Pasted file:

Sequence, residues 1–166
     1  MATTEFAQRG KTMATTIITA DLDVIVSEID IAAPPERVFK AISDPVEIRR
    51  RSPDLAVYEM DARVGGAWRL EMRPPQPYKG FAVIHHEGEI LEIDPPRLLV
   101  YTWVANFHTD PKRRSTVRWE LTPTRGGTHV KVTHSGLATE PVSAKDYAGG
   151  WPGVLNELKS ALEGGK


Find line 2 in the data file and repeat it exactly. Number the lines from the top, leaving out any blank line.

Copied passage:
     1  MATTEFAQRG KTMATTIITA DLDVIVSEID IAAPPERVFK AISDPVEIRR